Swimmer’s Shoulder (it’s NOT an overuse injury)

Shoulder injuries are the most common injuries in swimmers. Typically, swimmers experience pain due to the rotator cuff tendons being pinched and becoming inflamed – this is known as shoulder impingement. Due to its frequency among swimmers, this particular condition is often referred to as “swimmer’s shoulder”. In more severe cases, the tendons can wear down (degenerate) and eventually tear. Swimmer’s shoulder is often described as an “overuse injury”. This term is problematic though, as it implies that the only issue is swimming too much. It also implies that the only way to get better is to swim less or stop swimming altogether. Swimming is a whole body activity, and the forward propulsion of your body in the water requires co-ordination between your arms, legs and torso. A deficiency in other parts of your body means that you will rely more on your shoulders to pull yourself through the water. In these cases, the shoulder is overloaded. It is therefore more appropriate to think of swimmer’s shoulder as an “overload” injury, rather than an “overuse” injury. While training volume can be a part of the issue, it is not the whole problem. Common causes of overload include:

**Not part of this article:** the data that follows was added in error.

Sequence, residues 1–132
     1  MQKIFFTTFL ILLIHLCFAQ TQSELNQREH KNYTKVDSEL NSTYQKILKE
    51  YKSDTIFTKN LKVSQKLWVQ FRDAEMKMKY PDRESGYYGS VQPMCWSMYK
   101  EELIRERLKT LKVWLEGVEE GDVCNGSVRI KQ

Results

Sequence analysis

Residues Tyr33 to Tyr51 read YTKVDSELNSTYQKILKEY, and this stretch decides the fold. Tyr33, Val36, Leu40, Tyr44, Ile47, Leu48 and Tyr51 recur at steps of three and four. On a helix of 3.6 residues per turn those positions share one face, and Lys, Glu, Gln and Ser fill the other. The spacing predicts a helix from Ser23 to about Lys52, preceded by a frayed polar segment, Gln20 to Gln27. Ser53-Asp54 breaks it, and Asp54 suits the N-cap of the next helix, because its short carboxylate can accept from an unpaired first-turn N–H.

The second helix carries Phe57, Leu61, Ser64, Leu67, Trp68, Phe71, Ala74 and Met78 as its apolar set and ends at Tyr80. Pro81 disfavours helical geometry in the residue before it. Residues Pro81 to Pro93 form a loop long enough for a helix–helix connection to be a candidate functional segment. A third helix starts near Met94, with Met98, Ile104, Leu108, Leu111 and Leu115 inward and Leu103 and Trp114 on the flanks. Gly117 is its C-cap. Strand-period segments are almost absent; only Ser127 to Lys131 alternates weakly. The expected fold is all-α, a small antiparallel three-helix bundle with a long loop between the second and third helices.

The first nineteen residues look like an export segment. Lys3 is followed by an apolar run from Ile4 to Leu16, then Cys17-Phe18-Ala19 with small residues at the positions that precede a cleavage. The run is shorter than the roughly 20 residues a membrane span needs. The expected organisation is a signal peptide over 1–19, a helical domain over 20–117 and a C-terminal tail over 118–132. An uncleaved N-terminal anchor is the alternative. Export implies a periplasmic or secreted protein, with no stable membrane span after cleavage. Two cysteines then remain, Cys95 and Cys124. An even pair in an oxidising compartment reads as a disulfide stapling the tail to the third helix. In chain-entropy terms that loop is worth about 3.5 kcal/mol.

• Shoulder internal rotation limitation Your shoulder is a ball and socket joint. If certain muscles are tight, the ball can sit forwards in the socket, limiting the ball’s ability to move freely in the socket. When you try to rotate the ball inwards (as occurs when you pull through in all 4 swim strokes), then the tendons end up being pinched.
  • Thoracic spine (upper back) stiffness Swimming well requires you to be streamlined. Not being able to rotate your body creates more resistance and hence you have to work harder to pull through. It also means you can’t get your shoulder in the best position to pull through the water.
  • Core weakness Without adequate core strength, your body is floppy in the water – you may even feel your hips moving from side to side. This creates an increase in drag, which you need to overcome by pulling harder with your arms.
  • Weak scapular muscles (muscles surrounding your shoulder blade) – When the muscles that stabilise your shoulder blade aren’t functioning correctly, your shoulder muscles don’t have a stable base to pull off. Hence they need to work harder and will fatigue more quickly.
  • Hip mobility limitation Kick is an important part of swimming. It not only assists in propulsion, it also helps to keep you balanced (and hence streamlined) as you stroke. Poor hip mobility can make this difficult, again, forcing the shoulders to compensate.

Addressing these issues is an important part in recovering from “swimmer’s shoulder”. A period of rest from swimming may be required as part of the initial management, but properly addressing any biomechanical issues will help to unload your shoulders, allow you to return to your full volume of training, and even improve your swimming performance!